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Financially Speaking

Need Extra Cash? Start Your Own Business

Make money at home after you retire, by working part time

new career after retirement woman open sign shop

Starting a new business after retirement is easier than you think. Learn how. — Getty Images

You'll need to do some research to develop a business plan. Who are your customers, how will you find them, what should you charge, how much money will you have to invest, and when might you start to make a profit?

If possible, go to a local community college or the business school at a university and take a course on how to start and run a small business. You'll most likely cover a number of subjects that may be unfamiliar, from legal requirements to sales taxes and bookkeeping. And having others in the class to talk to and brainstorm with can be useful.

Be sure to get a separate business bank account and phone line, and set up a simple website where customers can find you.

You can write off your direct business expenses against your business and personal income, which gives start-ups a tax break (for details, go to and download Publication 535). If you use a portion of your home exclusively as an office, you can also deduct a percentage of your home upkeep costs, such as utilities and insurance. But home office costs are deductible only against your business income, not your personal income; see IRS Publication 587.

You can't keep deducting expenses against your personal income forever. To remain a legitimate operation, not just a hobby, you'll need to make money in three of your first five years, according to IRS rules. You might get a grace period, however, if it's clear that you're really working at it.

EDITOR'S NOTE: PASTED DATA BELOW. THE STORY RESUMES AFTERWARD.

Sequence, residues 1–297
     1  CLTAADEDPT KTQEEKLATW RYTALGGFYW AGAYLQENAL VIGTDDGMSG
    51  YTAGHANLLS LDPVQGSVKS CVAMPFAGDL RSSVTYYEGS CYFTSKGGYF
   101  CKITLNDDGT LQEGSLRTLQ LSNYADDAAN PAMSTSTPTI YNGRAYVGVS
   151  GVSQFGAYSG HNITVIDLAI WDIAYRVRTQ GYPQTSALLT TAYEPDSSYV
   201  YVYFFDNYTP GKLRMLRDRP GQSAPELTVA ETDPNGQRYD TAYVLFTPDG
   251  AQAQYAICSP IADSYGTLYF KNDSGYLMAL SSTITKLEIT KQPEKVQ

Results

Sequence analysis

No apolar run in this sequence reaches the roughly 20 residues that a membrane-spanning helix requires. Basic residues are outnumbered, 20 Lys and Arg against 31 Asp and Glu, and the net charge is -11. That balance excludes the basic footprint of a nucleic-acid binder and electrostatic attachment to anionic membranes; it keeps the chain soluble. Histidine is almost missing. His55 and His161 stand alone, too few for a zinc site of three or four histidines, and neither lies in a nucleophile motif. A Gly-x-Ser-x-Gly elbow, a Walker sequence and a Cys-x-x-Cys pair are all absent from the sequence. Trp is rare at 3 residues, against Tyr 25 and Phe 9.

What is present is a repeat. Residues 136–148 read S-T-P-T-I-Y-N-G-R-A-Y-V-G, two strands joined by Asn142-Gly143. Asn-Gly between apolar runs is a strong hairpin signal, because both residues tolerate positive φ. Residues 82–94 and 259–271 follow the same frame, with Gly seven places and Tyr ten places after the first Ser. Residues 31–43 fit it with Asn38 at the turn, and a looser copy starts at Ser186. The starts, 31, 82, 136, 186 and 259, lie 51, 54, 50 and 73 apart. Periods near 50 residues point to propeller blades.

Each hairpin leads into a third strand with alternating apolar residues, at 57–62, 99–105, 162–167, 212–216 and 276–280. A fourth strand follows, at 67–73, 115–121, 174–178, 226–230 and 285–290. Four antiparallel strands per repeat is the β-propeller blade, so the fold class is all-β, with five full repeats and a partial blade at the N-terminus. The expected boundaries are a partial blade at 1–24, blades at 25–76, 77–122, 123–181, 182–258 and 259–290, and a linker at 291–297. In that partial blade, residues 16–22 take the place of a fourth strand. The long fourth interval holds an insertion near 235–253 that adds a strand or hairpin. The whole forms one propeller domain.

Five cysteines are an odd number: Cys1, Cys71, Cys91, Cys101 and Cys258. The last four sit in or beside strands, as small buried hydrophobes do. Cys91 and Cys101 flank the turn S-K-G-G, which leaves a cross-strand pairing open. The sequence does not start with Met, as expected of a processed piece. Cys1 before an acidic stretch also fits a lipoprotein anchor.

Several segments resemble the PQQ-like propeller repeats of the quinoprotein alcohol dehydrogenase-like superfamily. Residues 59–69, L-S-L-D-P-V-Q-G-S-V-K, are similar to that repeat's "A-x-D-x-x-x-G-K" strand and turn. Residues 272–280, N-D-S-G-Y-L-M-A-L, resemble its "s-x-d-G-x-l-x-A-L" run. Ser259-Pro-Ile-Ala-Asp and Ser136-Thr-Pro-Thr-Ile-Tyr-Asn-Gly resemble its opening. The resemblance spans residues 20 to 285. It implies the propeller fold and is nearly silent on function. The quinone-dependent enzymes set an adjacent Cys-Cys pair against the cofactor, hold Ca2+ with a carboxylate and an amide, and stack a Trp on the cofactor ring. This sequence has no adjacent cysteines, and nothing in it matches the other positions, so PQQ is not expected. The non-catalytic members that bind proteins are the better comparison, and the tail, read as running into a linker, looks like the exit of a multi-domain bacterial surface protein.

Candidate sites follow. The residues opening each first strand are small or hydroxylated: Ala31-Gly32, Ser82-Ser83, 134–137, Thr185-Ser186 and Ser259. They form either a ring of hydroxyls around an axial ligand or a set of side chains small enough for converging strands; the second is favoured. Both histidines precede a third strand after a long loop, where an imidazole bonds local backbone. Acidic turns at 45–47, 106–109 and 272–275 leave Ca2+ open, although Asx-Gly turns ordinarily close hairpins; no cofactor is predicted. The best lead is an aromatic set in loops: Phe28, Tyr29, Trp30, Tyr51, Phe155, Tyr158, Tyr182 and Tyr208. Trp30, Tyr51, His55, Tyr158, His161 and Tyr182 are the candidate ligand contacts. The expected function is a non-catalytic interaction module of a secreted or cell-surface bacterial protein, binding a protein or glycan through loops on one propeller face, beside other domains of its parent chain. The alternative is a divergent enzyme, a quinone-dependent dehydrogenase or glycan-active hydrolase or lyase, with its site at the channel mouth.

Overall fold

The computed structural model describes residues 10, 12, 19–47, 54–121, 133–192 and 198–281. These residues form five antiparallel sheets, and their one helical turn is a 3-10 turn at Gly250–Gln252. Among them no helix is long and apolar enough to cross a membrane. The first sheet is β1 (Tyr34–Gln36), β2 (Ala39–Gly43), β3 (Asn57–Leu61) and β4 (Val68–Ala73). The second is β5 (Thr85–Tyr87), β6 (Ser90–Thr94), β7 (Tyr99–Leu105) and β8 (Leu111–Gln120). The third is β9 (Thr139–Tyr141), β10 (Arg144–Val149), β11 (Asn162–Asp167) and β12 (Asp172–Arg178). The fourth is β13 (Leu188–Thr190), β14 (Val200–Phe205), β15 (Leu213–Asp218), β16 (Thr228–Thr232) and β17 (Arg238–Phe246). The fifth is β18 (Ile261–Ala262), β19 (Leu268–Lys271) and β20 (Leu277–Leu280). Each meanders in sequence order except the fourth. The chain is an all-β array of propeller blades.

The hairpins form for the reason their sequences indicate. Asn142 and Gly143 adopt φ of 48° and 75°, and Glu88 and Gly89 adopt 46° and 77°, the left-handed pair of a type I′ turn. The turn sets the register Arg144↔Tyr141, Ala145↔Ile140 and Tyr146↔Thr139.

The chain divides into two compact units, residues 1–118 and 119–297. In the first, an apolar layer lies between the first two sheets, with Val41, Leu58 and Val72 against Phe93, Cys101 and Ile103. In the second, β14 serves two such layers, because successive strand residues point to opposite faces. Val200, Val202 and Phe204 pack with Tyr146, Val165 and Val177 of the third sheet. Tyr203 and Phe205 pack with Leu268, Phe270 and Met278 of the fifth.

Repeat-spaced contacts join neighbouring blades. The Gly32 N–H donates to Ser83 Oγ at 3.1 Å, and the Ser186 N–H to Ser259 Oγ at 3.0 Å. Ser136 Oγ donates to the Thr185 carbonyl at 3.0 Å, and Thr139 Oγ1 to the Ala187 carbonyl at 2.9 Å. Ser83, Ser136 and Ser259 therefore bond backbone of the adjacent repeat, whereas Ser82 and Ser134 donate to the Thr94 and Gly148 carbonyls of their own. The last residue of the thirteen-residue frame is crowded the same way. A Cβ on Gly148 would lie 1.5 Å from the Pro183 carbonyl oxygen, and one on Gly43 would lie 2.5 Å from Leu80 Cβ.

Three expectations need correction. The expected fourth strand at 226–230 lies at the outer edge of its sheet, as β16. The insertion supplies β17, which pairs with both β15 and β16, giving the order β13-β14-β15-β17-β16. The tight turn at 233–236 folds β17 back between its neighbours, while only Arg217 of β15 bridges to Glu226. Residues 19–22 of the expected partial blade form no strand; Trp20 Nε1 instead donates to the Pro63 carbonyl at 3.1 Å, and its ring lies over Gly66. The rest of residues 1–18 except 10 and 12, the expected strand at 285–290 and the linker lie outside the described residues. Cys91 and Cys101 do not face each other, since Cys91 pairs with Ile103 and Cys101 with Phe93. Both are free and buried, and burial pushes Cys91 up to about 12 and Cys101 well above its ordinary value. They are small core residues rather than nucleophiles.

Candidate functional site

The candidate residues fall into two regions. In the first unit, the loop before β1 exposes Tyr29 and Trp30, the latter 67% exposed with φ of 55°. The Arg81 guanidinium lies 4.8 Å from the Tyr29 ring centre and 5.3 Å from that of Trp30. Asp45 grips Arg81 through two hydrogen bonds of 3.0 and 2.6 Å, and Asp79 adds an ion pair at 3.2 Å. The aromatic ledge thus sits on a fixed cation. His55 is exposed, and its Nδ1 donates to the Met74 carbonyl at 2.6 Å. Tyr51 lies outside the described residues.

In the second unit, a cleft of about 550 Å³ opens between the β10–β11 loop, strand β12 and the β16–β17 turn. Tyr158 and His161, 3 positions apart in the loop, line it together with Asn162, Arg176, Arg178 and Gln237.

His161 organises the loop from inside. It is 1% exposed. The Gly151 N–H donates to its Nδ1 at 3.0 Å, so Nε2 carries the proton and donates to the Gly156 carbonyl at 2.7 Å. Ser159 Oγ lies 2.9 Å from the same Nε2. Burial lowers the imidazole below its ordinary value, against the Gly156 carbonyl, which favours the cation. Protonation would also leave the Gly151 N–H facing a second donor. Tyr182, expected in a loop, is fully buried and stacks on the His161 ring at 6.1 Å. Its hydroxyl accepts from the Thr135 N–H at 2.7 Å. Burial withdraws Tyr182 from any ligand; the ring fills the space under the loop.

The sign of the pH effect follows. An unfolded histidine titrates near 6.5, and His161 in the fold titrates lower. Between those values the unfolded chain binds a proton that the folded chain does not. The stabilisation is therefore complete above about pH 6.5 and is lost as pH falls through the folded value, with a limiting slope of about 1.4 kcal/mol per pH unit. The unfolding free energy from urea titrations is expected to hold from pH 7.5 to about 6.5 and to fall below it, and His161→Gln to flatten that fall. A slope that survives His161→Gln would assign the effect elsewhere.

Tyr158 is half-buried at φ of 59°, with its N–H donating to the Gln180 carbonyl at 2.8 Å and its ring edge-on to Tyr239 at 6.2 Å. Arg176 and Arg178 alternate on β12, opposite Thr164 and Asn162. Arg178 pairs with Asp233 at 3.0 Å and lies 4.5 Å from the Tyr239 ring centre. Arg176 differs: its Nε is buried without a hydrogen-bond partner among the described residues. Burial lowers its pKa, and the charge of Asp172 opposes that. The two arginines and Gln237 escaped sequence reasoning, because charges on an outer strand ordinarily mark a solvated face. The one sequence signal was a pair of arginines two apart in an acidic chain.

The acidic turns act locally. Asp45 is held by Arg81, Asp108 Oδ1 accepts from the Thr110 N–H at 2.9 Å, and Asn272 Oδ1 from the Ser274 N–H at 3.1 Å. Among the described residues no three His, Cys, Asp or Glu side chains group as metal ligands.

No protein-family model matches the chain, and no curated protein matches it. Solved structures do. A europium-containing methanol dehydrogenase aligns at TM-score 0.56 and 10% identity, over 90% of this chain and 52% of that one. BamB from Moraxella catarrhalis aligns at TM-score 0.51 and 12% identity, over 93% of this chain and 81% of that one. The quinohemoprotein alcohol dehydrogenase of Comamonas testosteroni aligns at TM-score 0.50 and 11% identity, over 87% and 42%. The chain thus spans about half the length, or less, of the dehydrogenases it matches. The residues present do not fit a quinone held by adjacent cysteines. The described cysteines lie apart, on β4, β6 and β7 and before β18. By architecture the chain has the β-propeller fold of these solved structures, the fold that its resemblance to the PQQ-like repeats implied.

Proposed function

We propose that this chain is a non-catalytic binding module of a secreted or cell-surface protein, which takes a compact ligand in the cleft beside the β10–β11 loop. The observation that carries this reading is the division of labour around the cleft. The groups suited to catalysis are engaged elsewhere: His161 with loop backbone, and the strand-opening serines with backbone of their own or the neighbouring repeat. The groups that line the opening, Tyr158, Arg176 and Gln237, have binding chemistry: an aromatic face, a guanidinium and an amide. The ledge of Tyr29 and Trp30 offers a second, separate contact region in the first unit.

You'll have to bootstrap the cost of your business start-up yourself. Banks generally won't give loans for modest part-time operations.

Retirees in their 50s might dream of building a small business into something really big — moving from their kitchen cookie sheet straight to a Mrs. Fields kind of operation. That usually takes a larger investment, by you and perhaps by friends and contacts who believe in what you're doing. You might even find a lender, if you have a solid business plan and paying customers in view.

One important warning, though, before you launch your new enterprise: Have a Plan B. What will you do if the business doesn't work? You can probably afford to lose a small investment, but don't endanger your home or wipe out your 401(k). Always look ahead to what you'll be doing the rest of your life.

Jane Bryant Quinn is a personal finance expert and author of Making the Most of Your Money NOW. She writes regularly for the Bulletin.

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Retirement savers should focus on several key factors to help their investments add up when it's time to leave the workforce. MarketWatch's Greg Morcroft has details.

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